A single picture may just be anecdotal, but United Airlines must not let its cabin interiors deteriorate even with “United Next” retrofits planned.
Aircraft Interiors Must Be Maintained Ahead Of Retrofits At United Airlines
View From The Wing shares the following tweet:
— ¯_(ツ)_/¯ (@shirlalalaley) September 4, 2023
That’s simply unacceptable – I think we can all agree. Sure, maybe taping this up is better than delaying the flight, but this is really an embarrassment.
And while I have not encountered a broken table myself, I have heard from readers that aircraft interior maintenance has been lacking lately. One told me about a burnt-out overhead reading light on a recent flight. Another told me about a cracked window shade. I’ve heard several complaints about wi-fi not working.
I have some of my own, too. These photos are from my last 757 flight:
Again, these are anecdotes, but it is not so unreasonable to wonder if United has decided it will defer some “non-essential” maintenance on narrow-body aircraft because these aircraft will soon be retrofitted anyway.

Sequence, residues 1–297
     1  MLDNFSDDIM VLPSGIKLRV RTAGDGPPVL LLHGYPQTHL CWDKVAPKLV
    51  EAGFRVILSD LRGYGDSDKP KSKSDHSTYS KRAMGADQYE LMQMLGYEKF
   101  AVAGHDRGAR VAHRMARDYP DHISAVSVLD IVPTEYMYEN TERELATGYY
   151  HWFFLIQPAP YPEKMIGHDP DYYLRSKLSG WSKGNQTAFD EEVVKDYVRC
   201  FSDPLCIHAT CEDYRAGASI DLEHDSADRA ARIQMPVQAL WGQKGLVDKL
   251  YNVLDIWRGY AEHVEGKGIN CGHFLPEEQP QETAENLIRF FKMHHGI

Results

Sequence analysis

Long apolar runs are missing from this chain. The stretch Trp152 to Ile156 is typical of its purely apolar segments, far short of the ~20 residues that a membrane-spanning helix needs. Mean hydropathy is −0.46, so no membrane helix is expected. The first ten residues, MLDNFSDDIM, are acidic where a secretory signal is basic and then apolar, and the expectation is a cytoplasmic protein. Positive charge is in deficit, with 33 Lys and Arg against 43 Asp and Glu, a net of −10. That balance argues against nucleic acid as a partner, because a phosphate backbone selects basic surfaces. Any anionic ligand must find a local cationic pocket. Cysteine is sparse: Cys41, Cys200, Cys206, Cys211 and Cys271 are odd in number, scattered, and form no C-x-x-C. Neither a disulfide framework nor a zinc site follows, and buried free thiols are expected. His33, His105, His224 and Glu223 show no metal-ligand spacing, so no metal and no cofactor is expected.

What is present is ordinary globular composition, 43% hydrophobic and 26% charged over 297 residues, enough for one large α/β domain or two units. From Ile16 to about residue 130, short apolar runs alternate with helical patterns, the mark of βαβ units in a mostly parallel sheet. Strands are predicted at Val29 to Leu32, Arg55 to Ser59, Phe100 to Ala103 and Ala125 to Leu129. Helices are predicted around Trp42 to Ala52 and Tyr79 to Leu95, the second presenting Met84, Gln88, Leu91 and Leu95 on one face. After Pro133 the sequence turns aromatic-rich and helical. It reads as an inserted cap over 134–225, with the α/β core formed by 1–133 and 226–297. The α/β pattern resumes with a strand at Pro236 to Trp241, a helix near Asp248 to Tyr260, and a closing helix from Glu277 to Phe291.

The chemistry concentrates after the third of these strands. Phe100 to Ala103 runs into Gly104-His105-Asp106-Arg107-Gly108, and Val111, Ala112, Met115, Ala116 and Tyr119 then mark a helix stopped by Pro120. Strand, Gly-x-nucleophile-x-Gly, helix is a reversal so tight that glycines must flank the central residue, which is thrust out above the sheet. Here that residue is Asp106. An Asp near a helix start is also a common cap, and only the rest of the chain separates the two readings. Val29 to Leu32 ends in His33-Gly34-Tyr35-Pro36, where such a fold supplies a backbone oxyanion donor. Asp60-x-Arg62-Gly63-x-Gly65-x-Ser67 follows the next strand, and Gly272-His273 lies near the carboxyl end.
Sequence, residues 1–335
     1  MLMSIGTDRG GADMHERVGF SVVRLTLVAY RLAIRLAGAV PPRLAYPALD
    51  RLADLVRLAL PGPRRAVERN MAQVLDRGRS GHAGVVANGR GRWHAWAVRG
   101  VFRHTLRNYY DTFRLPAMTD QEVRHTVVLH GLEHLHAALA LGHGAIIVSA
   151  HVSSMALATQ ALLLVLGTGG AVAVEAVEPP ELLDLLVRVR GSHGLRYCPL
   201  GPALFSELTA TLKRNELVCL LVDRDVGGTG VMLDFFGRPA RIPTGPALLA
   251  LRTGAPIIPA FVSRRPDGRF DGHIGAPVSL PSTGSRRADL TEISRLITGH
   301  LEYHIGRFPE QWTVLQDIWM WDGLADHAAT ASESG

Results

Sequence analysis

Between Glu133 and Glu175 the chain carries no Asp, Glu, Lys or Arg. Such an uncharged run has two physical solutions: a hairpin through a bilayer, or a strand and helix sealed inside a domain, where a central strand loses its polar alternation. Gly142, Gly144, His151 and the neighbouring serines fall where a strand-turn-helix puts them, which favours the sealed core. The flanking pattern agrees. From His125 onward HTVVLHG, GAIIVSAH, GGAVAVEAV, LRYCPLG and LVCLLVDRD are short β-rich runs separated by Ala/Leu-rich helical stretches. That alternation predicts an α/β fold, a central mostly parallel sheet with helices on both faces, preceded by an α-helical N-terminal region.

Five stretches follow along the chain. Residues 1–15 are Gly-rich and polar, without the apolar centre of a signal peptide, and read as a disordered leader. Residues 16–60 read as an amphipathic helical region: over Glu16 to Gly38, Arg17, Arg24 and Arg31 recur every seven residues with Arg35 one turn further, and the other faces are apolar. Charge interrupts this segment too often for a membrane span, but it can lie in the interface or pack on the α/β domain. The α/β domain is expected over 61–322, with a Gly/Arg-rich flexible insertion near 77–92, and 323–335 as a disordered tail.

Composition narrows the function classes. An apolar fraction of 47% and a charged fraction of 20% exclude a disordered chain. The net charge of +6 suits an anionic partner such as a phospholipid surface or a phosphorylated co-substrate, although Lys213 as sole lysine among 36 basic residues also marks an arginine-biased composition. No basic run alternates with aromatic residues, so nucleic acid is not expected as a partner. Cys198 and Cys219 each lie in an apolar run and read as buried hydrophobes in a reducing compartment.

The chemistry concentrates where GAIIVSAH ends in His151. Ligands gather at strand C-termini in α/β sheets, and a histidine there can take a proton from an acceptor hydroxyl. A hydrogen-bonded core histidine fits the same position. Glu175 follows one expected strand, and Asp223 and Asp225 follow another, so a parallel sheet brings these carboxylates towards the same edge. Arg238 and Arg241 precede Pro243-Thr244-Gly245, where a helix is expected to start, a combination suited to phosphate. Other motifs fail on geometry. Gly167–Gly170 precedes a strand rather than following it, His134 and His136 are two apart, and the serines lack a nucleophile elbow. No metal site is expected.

Whether policy or not, United must ensure that it gets the basics rights onboard, including:
- clean aircraft
- functional seats, including tray tables and power ports
- functional wi-fi
These are absolutely fundamental.
But here’s the thing. When I flew back from South Africa last year, what immediately struck me was the poor condition of the aircraft. This was a Boeing 787-9 Dreamliner–hardly an old aircraft–and had the latest business class product onboard, but the cabin was in a dreadful state.
For example, my side console was cracked and taped up:
The siding was torn:
In the lavatory, the flight attendant call button was broken:
And my napkin had a large hole in it (certainly not intended as a buttonhole…).
Overall, I’ve noticed that the Polaris seats are not aging well, which is perhaps an even greater concern.
There’s no smoking gun policy that United is deferring interior maintenance on its older aircraft or anything like that. However, I am concerned that United is not placing adequate focus on the importance of presenting a clean and functional cabin interior on its older jets (and some newer ones too). If United wants to catch Delta Air Lines and command a revenue premium, it is essential that the onboard experience meets such a baseline standard of functionality.